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ENTERTAINMENT
December 13, 2014 | By A.D. Amorosi, For The Inquirer
Mary Ellen Desmond is a Philadelphia treasure: a chanteuse whose musical moods swing from dark to light, a musician capable of great sensitivity and nuance, a teacher who responds to the needs of every student. That includes local singer/songwriter Matt McAndrew. He was a contestant on this season of NBC's The Voice and studied voice with Desmond in his freshman and sophomore years at the University of the Arts. All this, and Desmond still makes her annual Comfort & Joy concert for HIV/AIDs-related charities a must during the Christmas season.
ENTERTAINMENT
December 13, 2014 | By Peter Dobrin, Inquirer Music Critic
Coloring outside the lines is a relative concept in the tyrannically ritualized world of classical music. Creativity is welcome - but please, nothing too creative. In reformatting the piano recital Wednesday night at the Kimmel Center the way he did, Jeremy Denk knew he'd better have a compelling justification. Happily, his point in amassing a half-hour block interspersing Schubert and Janácek was something more than a concert-hall invasion of the iPod Shuffle aesthetic. Others on this Philadelphia Chamber Music Society series have manipulated presentation - a joint recital by pianist Richard Goode and soprano Sarah Schafer comes to mind.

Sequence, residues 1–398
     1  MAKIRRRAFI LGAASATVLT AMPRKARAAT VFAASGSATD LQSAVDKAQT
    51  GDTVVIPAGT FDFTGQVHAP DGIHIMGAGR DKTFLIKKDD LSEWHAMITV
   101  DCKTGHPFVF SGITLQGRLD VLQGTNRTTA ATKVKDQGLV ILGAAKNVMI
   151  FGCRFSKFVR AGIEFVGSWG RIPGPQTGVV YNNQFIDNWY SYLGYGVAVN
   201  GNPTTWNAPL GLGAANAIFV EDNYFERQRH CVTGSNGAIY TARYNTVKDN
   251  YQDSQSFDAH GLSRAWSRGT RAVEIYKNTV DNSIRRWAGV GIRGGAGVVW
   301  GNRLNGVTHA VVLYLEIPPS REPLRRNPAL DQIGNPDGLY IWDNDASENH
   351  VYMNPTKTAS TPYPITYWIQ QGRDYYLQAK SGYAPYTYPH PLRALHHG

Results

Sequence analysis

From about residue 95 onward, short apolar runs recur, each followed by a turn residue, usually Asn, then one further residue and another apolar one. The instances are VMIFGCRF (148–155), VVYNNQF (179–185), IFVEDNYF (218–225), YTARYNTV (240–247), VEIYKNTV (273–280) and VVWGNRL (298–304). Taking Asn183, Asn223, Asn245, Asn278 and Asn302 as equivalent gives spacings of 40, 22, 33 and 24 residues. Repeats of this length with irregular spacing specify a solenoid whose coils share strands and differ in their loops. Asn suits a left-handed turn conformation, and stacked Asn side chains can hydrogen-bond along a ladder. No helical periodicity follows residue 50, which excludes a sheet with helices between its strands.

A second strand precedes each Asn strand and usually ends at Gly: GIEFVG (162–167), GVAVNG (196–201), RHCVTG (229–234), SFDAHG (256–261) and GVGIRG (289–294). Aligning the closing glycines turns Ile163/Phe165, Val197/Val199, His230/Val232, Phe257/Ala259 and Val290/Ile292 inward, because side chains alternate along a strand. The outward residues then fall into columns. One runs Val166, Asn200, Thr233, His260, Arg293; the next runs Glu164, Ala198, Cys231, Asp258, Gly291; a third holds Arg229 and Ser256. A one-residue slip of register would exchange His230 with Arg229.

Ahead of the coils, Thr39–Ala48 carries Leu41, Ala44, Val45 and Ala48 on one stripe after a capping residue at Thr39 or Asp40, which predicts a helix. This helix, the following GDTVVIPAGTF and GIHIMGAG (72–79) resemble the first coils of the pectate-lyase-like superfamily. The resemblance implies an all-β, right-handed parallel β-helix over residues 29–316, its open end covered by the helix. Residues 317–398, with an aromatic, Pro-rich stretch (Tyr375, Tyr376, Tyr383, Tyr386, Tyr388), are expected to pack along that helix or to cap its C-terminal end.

NEWS
December 9, 2014 | By Michael Vitez, Inquirer Staff Writer
When it was all over, the bus driver said it best. Henry Hill, 57, was on his day off, truly a busman's holiday, but he went to the Kimmel Center to see the Joybells - a handbell choir of 12 men and women with Down syndrome - perform a Christmas concert with the Chamber Orchestra of Philadelphia. People who can't read music playing with graduates of Curtis and Juilliard. "Two different cultures blended as one," said Hill, who ordinarily drives the Joybells, although at the moment the bus is broken.
ENTERTAINMENT
December 6, 2014 | By Steve Klinge, For The Inquirer
'We had a learning curve that worked out all right," says Josiah Johnson of the Head and the Heart. The six-piece band has toured nearly constantly since it self-released its first album in June 2010 (the venerable Sub Pop Records rereleased it early the next year). They rose quickly from playing coffeehouses in their native Seattle to opening slots for bands such as Dr. Dog, My Morning Jacket, and the Dave Matthews Band. They headline the Tower Theater Friday night. Johnson is one of the Head and the Heart's three vocalists and songwriters.
ENTERTAINMENT
November 27, 2014 | By Stephan Salisbury, Inquirer Staff Writer
The Philadelphia Orchestra will perform a free concert Tuesday at the Kimmel Center as part of the nationwide GivingTuesday campaign that seeks charitable contributions. Seating is general admission, and tickets may be reserved beginning at 8 a.m. Tuesday, at www.philorch.org . There will be holiday music in Commonwealth Plaza starting at 6 p.m., with opportunities to conduct the players. The Verizon Hall doors open at 7, and the 75-minute concert begins at 7:30. Music director Yannick Nézet-Séguin will lead the ensemble in seasonal favorites from Tchaikovsky, Leroy Anderson, and Brahms, plus works by Pulitzer Prize-winning Philadelphia composer Jennifer Higdon and others.